When you wake up, this well-rehearsed brain is ready for action. Your memory is sharper, processing information becomes quicker, and problem-solving gets a boost. So, deep sleep isn't just a snooze; it's like a superhero for your brain, gearing it up to tackle the challenges of the day and supercharging your productivity.

Are there any specific stages of deep sleep that are particularly important for productivity and creativity?
Coutinho: While all stages of deep sleep contribute to overall cognitive function, research suggests that the third stage, known as slow-wave sleep (SWS), is particularly crucial for productivity and creativity. Slow-wave sleep (SWS) is the specific stage of deep sleep that is often considered particularly important for productivity and creativity.

Also known as deep sleep, this stage typically occurs in the first half of the night during a full sleep cycle. It's most prevalent during the earlier part of the night, particularly in the first three sleep cycles.

SWS is characterised by slow and high-amplitude brain waves, reflecting the deep and restorative nature of this sleep stage.
During SWS, the brain engages in synchronised neural activities that play a role in memory consolidation, learning, and problem-solving skills. This stage is believed to be essential for refreshing and optimising cognitive abilities, and creative mindset, and enhancing productivity when individuals are awake.
This goes to say how important it is to focus on the quality of sleep so we can sleep deep enough to be able to reach this crucial stage.

How does deep sleep influence mood regulation, stress reduction, and subsequently, productivity?
Coutinho: Deep sleep significantly influences mood regulation, stress reduction, and, consequently, productivity. During this crucial sleep stage, the body releases growth hormone, which aids in physical restoration and the repair of cells. Simultaneously, the brain engages in activities that contribute to emotional processing and regulation.

Research has shown that deep sleep plays a role in regulating mood by influencing neurotransmitter levels. Adequate deep sleep helps maintain a balanced production of serotonin and other mood-regulating chemicals, contributing to emotional well-being.

Moreover, deep sleep is a key player in stress reduction. It allows the body to recover from daily stressors, both physical and psychological, through hormonal balance and the restoration of energy reserves. This stress-reducing effect has a ripple effect on mood, promoting a more positive and stable emotional state when we wake up the next day

When individuals consistently achieve deep sleep, they are better equipped to manage stress, maintain a positive mood, and, ultimately, enhance their productivity during waking hours.

What strategies can individuals employ to improve the depth and quality of their sleep for better productivity and creativity?
Coutinho: A key element for achieving deep and restful sleep is maintaining a consistent bedtime and wake-up time. This helps manage the circadian rhythm, aligning the body's internal clock with natural light-dark cycles. Establishing a routine improves the quality of sleep by promoting a stable sleep-wake cycle, enhancing overall sleep hygiene, and contributing to a more restorative rest. You want to keep your wake-up and bedtime as consistent as possible. An erratic timing will never allow our body to set a routine, which is everything for a sound sleep.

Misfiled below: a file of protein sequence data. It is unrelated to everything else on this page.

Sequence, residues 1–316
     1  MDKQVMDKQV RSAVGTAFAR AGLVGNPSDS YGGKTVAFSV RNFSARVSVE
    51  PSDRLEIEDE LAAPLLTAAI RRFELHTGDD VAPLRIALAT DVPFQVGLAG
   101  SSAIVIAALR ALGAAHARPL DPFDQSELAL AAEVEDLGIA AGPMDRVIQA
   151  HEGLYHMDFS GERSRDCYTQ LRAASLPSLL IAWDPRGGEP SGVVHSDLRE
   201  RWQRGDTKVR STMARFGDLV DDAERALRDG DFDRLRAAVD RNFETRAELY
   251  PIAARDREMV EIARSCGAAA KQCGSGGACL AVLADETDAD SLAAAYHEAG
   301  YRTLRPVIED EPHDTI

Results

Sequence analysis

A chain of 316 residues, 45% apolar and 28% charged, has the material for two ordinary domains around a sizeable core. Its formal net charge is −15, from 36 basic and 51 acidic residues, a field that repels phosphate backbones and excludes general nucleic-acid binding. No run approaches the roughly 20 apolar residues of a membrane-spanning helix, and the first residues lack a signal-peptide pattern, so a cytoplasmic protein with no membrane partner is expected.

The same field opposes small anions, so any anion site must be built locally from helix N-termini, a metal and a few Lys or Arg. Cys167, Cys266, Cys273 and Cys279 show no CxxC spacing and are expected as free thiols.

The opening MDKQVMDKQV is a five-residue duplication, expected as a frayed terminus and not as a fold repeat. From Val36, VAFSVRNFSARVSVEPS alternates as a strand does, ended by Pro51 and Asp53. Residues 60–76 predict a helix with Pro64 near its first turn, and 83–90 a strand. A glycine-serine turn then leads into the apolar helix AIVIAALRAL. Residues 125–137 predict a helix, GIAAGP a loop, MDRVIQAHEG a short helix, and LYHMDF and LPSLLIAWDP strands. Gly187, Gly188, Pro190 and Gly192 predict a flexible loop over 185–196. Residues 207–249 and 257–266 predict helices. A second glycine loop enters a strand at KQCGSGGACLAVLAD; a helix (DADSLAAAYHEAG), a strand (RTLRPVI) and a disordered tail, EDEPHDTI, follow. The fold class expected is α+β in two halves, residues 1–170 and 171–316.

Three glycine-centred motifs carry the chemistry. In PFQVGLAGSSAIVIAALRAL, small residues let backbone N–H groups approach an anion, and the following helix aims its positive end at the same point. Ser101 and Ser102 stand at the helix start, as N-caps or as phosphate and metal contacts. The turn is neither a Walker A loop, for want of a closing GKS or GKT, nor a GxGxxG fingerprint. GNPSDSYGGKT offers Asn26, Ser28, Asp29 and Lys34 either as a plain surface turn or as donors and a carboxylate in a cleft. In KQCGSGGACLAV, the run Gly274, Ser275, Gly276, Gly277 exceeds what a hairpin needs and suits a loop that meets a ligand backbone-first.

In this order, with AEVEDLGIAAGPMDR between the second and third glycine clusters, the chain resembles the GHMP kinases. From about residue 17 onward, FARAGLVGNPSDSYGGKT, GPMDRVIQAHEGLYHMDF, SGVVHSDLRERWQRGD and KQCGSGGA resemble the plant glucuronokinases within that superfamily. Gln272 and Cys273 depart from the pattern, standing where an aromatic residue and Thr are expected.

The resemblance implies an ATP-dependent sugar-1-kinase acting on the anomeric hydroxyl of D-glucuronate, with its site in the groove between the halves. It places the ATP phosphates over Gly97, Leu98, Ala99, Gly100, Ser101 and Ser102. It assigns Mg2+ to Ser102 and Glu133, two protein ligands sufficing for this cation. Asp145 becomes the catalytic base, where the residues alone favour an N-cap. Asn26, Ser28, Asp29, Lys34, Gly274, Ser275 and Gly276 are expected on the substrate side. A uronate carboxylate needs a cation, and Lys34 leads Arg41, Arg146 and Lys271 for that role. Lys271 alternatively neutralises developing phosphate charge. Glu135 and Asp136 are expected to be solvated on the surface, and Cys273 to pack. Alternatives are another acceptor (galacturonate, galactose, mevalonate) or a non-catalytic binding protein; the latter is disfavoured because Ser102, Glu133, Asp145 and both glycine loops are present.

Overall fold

What practical steps can individuals take to prioritise deep sleep while maintaining a balance between work and personal life?
Coutinho: Adequate deep sleep enhances memory consolidation, problem-solving skills, and overall mental clarity, contributing directly to on-the-job efficiency and effectiveness. Prioritising deep sleep requires a proactive approach and personal responsibility to work on habits and the way we plan out our day.

I always tell corporate employees that you do not have 24 hours in a day. You have 24 minus 8 hours because you want to set aside at least 8 hours for that deep rest. Now plan out your day, meetings, work, workout time, leisure time, and entertainment within those 16 hours. If we do not do that, unfortunately, our sleep bears the brunt.

Here are practical tips for prioritising deep sleep while maintaining work-life balance:
Set clear boundaries
Establish physical and mental boundaries at work to delineate professional time from personal time.

Effective time management
Prioritise tasks, allocate specific time slots for work and adhere to a well-structured schedule.

Minimise distractions
Identify and minimise time-wasting activities or distractions during work hours for improved productivity.

Disconnect ritual
Develop a ritual to transition from work to personal time, such as a brief walk or a calming routine to signal the end of the workday.

Conducive sleep environment
Create a comfortable and conducive sleep environment with proper lighting, comfortable bedding, and a cool room temperature.

Relaxation techniques
Incorporate relaxation techniques before bedtime, such as deep breathing or meditation, to promote a calm state conducive to deep sleep.

But it all starts with an individual responsibility and prioritising sleep. If sleep is given a high value, all of the above is attainable. If sleep is thought to be a waste of time, none of these tips will ever work. Start with a mindset change, first.

"Exciting news! Mid-day is now on WhatsApp Channels Subscribe today by clicking the link and stay updated with the latest news!" Click here!
health Health And Wellness wellness fitness Lifestyle news lifestyle
Related Stories